Managing Your $GOPATH for Multiple Go Projects

Noah Petherbridge
Posted by Noah Petherbridge on Friday, March 18 2016 @ 04:40:34 AM

This is a cool tip I picked up from checking out other peoples' Go projects.

When you're new to Go, the documentation tells you about $GOPATH which tells Go where to install packages and where the source codes to your project and its dependencies live. A lot of people might set $GOPATH to be $HOME/go, and work on their projects out of ~/go/src/

Using one global GOPATH like this has its problems though:

  • You have to git clone your projects into ugly directory paths to make sure they're inside the GOPATH. I usually prefer to just have a folder like ~/git/myproject instead, and I don't want to symlink it into my GOPATH so that Go finds it.
  • The third-party dependencies of all of your Go projects get intermingled in the same GOPATH. This is especially problematic if two different projects need the same third-party dependency, but they use different versions of that dependency.

So, the solution I found to this problem is to use a Makefile for your project that creates a private GOPATH for you. Here's an example Makefile from one of my projects:

CURDIR = $(shell pwd)
GOPATH = "$(CURDIR)/.gopath"
all: build

# `make setup` to set up git submodules
    git submodule init
    git submodule update

# `make run` to build and run the bot
run: gopath
    GOPATH=$(GOPATH) GO15VENDOREXPERIMENT=1 go run cmd/scarecrow/main.go

# `make fmt` runs gofmt
    gofmt -w src

# `make build` to build the binary
        go build -i -o scarecrow cmd/scarecrow/main.go

# Sets up the gopath / build environment
    mkdir -p .gopath/src/ bin
    ln -sf "$(CURDIR)/src" .gopath/src/
    ln -sf "$(CURDIR)/vendor" .gopath/src/

My project's directory structure is laid out like this:


With this project layout, the bulk of my source code is under the /src directory (to keep the root of the repo clutter-free), the actual executable program is under the /cmd directory, and third-party dependencies are under /vendor (using the Go 1.5 vendor experiment).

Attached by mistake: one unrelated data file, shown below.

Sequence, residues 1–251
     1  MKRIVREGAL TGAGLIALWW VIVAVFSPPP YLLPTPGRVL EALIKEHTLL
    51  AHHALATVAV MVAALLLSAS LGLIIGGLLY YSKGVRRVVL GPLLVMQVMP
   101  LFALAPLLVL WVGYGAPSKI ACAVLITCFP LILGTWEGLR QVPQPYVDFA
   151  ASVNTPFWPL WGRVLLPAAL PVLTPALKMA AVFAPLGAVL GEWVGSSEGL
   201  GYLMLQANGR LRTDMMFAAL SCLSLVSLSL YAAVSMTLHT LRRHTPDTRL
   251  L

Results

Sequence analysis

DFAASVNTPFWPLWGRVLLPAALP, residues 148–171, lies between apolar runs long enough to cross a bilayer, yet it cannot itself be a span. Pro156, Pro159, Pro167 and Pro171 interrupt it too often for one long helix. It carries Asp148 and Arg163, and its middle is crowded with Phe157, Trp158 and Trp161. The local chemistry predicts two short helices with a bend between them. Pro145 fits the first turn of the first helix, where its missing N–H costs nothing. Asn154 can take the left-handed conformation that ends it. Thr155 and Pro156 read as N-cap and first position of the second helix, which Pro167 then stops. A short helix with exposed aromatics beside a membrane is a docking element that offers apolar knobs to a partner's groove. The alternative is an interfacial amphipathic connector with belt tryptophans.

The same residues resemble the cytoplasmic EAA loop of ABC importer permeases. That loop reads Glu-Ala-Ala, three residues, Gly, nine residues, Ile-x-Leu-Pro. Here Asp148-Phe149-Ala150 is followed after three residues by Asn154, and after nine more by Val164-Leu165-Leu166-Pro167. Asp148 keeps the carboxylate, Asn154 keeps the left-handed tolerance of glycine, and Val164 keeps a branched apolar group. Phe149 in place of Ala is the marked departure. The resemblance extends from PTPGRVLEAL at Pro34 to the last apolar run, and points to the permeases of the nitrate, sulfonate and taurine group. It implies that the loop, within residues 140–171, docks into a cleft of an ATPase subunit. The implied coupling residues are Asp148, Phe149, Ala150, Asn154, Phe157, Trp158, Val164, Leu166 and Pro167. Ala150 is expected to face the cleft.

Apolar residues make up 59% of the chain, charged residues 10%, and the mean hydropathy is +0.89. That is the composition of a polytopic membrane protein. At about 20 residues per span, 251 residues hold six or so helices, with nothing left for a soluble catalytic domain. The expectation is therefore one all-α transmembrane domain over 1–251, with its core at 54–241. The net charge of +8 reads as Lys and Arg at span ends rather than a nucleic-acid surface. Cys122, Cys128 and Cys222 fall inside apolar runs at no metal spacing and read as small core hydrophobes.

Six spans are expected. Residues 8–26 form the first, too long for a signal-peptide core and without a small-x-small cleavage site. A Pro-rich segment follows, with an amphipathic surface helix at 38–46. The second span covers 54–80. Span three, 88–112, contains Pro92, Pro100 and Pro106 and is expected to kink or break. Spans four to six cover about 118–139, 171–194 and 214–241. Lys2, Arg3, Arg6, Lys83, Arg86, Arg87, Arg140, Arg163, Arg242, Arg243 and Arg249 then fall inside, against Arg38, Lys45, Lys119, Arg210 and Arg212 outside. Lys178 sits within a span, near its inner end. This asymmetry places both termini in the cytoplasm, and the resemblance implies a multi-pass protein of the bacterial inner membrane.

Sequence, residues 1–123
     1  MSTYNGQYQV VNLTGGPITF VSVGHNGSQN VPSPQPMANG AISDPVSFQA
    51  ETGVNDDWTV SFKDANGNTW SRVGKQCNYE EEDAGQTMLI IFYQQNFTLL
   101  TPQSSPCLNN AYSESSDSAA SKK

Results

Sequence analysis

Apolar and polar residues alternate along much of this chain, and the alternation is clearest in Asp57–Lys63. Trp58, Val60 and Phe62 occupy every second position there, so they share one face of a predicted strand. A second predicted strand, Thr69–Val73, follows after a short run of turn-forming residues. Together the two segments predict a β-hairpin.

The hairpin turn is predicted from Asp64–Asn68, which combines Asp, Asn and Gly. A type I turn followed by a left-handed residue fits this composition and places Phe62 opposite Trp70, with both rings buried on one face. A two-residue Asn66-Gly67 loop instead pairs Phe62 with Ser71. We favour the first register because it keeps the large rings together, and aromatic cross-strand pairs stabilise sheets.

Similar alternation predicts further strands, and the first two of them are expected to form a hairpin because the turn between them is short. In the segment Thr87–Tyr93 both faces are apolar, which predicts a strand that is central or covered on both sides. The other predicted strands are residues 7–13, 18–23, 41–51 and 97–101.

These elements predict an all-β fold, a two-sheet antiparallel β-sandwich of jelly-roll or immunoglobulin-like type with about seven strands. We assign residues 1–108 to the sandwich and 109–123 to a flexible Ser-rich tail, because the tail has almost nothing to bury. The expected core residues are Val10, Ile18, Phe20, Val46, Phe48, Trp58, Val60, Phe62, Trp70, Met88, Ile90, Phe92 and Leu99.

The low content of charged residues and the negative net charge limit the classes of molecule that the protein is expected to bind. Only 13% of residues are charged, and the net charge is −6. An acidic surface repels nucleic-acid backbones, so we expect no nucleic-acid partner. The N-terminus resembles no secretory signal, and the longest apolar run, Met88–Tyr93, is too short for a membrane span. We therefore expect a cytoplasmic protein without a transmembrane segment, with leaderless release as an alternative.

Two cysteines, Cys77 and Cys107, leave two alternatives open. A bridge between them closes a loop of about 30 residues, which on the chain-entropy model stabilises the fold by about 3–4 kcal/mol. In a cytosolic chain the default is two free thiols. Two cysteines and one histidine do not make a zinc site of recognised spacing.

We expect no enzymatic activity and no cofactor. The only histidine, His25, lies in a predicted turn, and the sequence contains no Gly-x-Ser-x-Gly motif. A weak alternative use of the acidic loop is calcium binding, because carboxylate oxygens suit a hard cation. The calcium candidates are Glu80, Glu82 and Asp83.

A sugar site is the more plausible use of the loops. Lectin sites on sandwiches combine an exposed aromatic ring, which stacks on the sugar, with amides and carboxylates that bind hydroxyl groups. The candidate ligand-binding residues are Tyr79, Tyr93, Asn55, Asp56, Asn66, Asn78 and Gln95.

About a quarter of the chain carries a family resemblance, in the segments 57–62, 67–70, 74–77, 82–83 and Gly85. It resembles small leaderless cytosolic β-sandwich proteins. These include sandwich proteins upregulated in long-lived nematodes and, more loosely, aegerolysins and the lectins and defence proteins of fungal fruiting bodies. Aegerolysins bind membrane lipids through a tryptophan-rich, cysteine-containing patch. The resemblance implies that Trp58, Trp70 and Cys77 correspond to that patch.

Instead of running go run cmd/scarecrow/main.go, I type make run. My Makefile then generates a custom private GOPATH at /.gopath, makes symbolic links to all the relevant files underneath, and runs the program from the context of that GOPATH.

The ~/.gopath directory structure looks like this:

          /src -> ../../../../../src (link)
            /vendor -> ../../../../../../vendor (link)

This way the private GOPATH has all the necessary directory structures that Go needs to find my project's source code and its vendored modules, and I don't have to clutter my global GOPATH. Also, this makes it easy to just git clone my project any place I want, like ~/git/scarecrow and not worry too much about the Go configuration.

As a side note, with the Go 1.5 vendor experiment I used git submodules to add the third-party dependencies to my project. On a fresh git clone I just type make setup which initializes and clones the submodules.


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